Fans of djent surely know the origin story better than I do. The gist is that Humanity’s Last Breath formed in 2009 and cranked out a couple of EP’s within the next couple of years, their sound was clearly influenced by not only by Meshuggah and bands like Whitechapel but also the nearby efforts from their slow-to-rise fellowes Vildhjarta. Though I was aware of this band through friends ‘Album(s) of the Year’ lists in the early 2010’s by the time their self-titled debut full-length (‘Humanity’s Last Breath‘, 2013) released and mentioned alongside the previous namedrops + Oceano I’d known better than to personally invest my ears. Perhaps because of the re-staffing of Humanity’s Last Breath in 2014 and the main composer Buster Odeholm joining Vildhjarta that same year the project is often suggested as either an offshoot or directly related entity despite a fairly long wait for a second major release from each project. The popularity of what was essentially a solo EP (‘Detestor‘, 2016) combined with the cessation of their label representation ultimately lead the band to sign with Unique Leader Records for their second album, the much improved ‘Abyssal‘ (2019) and full remixed/remastered versions of the full back catalog have followed. As I sparked my way through this discography I couldn’t help but feel any remarks were ultimately reductive as I didn’t see much of a change in compositional methodology beyond the first album though the technical aspects of the performances and the focus on glossy, moody production values saw considerable progress towards a well-glistening ideal. I think it’d been easier to remain a steady ear when scouring through bands like Thy Art is Murder or Fallujah simply because their evolutionary tracts were ultimately found modulating style alongside more expensive production. In view of ‘Välde’ we see increasingly idiosyncratic behaviors developing in production/performance methods as heavily machined elements become necessary for evolution.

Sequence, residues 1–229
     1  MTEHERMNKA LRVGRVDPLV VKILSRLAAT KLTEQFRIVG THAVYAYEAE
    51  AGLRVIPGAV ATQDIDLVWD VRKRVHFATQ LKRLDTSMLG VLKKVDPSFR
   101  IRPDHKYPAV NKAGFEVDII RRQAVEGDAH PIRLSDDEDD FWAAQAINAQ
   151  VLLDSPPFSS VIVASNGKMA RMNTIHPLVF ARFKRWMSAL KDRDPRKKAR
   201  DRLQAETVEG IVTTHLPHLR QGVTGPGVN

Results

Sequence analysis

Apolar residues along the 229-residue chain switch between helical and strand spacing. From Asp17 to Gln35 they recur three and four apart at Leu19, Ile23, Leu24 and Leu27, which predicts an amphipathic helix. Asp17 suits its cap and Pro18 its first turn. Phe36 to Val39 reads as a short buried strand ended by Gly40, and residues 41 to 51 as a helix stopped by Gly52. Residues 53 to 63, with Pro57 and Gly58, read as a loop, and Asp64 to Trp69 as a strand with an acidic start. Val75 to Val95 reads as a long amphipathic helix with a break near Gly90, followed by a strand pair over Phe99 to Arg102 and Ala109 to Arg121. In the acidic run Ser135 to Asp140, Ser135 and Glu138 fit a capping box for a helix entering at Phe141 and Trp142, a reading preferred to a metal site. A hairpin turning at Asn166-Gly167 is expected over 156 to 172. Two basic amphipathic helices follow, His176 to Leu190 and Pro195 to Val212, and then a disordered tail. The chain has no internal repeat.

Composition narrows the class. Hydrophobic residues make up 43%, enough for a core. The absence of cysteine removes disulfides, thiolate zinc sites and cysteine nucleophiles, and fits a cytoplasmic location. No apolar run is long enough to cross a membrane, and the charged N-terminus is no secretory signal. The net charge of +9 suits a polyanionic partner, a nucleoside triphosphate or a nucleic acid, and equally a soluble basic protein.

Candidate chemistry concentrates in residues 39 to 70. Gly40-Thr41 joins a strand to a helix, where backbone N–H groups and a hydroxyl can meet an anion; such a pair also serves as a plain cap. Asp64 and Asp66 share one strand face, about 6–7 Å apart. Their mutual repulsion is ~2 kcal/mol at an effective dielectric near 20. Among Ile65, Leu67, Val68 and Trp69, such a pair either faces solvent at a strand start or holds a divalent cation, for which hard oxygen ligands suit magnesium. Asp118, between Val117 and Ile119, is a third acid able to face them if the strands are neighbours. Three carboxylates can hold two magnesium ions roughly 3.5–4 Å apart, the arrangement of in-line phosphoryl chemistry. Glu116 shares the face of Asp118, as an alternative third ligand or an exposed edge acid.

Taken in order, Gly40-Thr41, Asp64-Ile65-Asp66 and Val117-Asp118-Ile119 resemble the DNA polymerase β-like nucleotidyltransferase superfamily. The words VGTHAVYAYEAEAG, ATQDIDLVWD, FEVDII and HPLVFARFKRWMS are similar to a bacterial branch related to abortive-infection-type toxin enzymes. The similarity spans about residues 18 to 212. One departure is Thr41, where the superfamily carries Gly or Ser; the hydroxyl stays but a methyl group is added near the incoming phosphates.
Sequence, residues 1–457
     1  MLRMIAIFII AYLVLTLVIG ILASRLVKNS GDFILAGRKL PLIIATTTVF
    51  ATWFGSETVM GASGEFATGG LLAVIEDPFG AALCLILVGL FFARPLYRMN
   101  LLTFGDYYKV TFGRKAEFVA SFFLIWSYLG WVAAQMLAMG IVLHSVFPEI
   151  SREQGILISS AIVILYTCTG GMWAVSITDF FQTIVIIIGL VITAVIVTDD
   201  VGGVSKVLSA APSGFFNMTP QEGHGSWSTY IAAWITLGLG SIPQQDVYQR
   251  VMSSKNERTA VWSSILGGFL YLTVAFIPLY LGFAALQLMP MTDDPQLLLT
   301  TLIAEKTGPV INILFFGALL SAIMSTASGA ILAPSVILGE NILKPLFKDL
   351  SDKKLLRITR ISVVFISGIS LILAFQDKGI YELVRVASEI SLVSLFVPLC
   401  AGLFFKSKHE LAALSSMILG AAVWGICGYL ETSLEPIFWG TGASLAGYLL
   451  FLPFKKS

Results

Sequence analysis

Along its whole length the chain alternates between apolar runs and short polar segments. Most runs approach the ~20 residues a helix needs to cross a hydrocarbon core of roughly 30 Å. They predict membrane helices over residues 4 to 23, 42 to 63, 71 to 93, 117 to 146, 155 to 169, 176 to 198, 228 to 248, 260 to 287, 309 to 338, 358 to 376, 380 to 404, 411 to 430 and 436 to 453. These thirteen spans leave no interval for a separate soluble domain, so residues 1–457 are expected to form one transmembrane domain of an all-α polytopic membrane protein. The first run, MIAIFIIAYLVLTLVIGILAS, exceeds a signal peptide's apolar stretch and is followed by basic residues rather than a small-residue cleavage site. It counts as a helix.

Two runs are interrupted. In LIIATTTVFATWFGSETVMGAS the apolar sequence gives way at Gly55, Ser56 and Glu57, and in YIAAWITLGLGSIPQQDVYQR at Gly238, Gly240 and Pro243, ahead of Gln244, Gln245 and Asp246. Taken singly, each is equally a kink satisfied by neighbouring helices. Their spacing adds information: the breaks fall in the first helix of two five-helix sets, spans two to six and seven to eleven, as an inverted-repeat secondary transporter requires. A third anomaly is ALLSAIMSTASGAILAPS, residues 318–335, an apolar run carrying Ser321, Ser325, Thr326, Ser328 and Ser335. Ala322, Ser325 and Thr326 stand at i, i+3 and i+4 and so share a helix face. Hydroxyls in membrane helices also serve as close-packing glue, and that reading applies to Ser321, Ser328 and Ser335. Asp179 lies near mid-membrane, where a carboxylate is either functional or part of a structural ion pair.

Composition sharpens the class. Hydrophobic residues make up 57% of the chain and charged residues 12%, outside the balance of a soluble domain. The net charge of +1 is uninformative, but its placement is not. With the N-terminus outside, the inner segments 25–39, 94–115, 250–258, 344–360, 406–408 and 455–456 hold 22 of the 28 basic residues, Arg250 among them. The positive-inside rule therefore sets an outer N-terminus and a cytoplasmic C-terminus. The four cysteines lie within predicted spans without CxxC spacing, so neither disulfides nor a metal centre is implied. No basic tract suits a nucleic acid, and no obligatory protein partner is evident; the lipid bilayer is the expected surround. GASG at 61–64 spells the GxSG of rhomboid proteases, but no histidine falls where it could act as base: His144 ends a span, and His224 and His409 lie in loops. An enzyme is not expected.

A left-handed upside down guitar enables scale enough to drop ~five steps to a modified eight string guitar tuning on a six-string that can hold ridiculous gauges eh, in Humanity’s Last Breath‘s hands this is essentially a berimbau attached to a computer in practicum. A midi controller tracks a whammy pedal in time to each song in a live setting so that Odeholm and crew can essentially swap tunings within songs, within riffs and produce some wild sound effects along the way. This is heavily accented by a custom set DSP, a guitar plug-in serving digital effects modulation that functions well beyond a board full of stomp boxes. Quite a bit more complex you’d think a djent/deathcore piece might ultimately need but this sort of ‘competitive’ gear-obssessed solution offers a glimpse of the astute use of technology it takes to reproduce these monolithic, chugging pieces. From my point of view the specifications of this methodology provide too clear a window into “false” guitar music where the machine outweighs human input, emphasizing performances that are essentially a complex workaround that allows a guitar to be a midi-controller that doesn’t require any particular emphasis on compositional creativity to impress the average goblin picking up a guitar for the first time. So, the main point to be made here is that despite this cold alien world of chunking pistons some credit is due Odeholm and crew for placing some serious focus on semi-directional dissonance and atmosphere with worth, it is inarguably a few steps beyond the usual ethereal keyboards atop chugging open chords. But, does any of this amount to good music?